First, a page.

Social Networks and Consumer Targeting
Who is your target consumer? That’s been the “go to” question of branding consultants for generations. People who come up with insightful answers are valued and admired.
There has been no shortage of strategies and methods put forth to answer it. Consumer surveys, focus groups and statistical techniques have sought to identify, communicate to and acquire the right consumer for the right product.
Yet it’s becoming clear that we are, in large part, a product of our social networks. Our opinions and behavior are greatly affected by a complex web of social influence. That realization is leading to a new mindset and a host of new strategic possibilities. Network analysis has been useful in other fields and the potential for marketing is enormous.
Who Led the 9-11 Attacks?
Within a day of the 9-11 attacks, the leadership structure of the hijackers was published in major newspapers. How did they figure that out? If you think about it for a minute, that’s the ultimate targeting problem and not all that different from identifying who would be a likely consumer for a brand.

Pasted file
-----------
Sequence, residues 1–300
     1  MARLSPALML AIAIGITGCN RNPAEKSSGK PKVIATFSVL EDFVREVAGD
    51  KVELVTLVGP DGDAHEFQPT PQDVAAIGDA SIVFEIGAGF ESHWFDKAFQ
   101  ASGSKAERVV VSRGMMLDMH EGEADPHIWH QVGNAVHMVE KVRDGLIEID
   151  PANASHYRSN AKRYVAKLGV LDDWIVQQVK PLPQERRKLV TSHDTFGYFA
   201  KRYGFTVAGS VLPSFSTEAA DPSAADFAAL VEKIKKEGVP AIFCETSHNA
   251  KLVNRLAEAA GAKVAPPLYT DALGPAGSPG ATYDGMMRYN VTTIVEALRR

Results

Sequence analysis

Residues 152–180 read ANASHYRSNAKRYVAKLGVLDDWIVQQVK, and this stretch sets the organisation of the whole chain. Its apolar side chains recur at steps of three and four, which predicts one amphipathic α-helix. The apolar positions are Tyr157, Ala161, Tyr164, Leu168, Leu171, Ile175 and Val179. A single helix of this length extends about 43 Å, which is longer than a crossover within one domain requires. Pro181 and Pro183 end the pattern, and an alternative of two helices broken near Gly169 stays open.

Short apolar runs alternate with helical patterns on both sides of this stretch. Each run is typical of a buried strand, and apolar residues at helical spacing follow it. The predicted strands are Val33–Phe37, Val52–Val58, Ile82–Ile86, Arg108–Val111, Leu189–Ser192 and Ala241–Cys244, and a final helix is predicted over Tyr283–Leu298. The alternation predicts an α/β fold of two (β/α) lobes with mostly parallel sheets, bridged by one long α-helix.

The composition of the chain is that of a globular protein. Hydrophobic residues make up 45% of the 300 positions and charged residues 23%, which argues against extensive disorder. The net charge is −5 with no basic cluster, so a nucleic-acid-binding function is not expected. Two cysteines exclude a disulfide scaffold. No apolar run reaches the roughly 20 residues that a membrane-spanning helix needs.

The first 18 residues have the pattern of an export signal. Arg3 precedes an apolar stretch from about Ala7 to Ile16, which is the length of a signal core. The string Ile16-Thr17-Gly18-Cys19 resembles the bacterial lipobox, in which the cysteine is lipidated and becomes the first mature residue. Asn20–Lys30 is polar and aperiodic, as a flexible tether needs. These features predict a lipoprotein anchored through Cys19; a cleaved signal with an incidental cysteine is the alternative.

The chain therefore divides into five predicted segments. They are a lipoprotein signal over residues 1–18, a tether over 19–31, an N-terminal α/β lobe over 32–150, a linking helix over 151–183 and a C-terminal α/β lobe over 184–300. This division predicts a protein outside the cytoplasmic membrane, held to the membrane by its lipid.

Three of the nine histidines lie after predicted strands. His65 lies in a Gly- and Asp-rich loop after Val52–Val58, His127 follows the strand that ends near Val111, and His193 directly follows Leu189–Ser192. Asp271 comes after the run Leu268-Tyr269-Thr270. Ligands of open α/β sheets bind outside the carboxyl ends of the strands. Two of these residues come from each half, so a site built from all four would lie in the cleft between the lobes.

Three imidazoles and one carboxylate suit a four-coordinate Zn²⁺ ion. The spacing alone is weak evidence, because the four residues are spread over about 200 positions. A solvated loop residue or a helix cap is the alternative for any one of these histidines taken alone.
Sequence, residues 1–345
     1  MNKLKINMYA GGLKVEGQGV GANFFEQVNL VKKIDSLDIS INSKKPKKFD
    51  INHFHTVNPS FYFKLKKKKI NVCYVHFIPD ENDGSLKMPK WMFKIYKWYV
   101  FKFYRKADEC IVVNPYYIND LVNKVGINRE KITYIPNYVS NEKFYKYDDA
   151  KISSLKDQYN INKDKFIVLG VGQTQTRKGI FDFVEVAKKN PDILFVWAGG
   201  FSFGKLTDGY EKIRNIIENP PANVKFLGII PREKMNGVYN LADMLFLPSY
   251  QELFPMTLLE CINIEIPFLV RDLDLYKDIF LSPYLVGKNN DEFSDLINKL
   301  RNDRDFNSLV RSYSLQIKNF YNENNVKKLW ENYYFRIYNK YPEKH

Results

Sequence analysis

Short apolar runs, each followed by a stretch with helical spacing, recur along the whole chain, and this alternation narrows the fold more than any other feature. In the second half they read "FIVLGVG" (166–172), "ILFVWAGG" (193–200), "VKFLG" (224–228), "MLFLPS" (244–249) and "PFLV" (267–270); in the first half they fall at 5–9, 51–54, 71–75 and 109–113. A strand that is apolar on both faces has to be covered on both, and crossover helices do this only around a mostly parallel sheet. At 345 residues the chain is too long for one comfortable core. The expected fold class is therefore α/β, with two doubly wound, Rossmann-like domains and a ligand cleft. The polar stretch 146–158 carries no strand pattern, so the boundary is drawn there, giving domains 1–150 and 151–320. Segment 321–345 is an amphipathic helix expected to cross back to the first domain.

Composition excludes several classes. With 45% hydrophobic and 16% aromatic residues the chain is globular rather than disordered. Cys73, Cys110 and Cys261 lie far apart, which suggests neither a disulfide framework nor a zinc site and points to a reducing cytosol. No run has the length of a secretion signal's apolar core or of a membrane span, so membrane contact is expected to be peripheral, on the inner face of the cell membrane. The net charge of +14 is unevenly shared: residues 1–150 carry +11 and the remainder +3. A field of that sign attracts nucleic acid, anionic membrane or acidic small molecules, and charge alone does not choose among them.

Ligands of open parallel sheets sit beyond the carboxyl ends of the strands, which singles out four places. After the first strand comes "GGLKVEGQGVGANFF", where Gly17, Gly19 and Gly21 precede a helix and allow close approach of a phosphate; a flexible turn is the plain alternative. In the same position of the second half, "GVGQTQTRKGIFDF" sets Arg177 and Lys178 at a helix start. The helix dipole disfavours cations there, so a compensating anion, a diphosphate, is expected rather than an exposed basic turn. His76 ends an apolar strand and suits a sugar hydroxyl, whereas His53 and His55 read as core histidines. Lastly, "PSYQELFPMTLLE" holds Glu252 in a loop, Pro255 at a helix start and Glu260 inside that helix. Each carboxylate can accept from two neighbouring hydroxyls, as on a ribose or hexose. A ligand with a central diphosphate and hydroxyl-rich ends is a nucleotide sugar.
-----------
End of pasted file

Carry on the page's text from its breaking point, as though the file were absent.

The answer is, of course, secret and classified, but network scientist Valdis Krebs performed his own social network analysis by piecing together links between the hijackers from news reports and calculating three measures of influence:
Degree Centrality: How many links each hijacker had to the rest of the network.
Betweenness Centrality: Their location in the network relative to other members.
Closeness Centrality: The average social distance between a particular member and all of the other members of the network.
This is what he came up with:
You’ll notice that Mohamed Atta led by a wide margin in all three measures, so it’s not surprising that he was identified as the leader of the network. It’s also interesting that Zacarias Moussoui, the reputed “20th hijacker,” figures in so prominently.
For a more complete picture, check out Valdis Krebs’ full summary here. It’s a fascinating read.
The Hunt For Bin Laden
Of course, after the initial attacks, there was the matter of locating the main orchestrator, Osama bin Laden, an effort depicted in Peter Bergen’s new book Manhunt. In 2005, after years of fruitless search, a paper called “Inroads” began to circulate among intelligence officials that outlined 4 “pillars” to form a “grid for the search: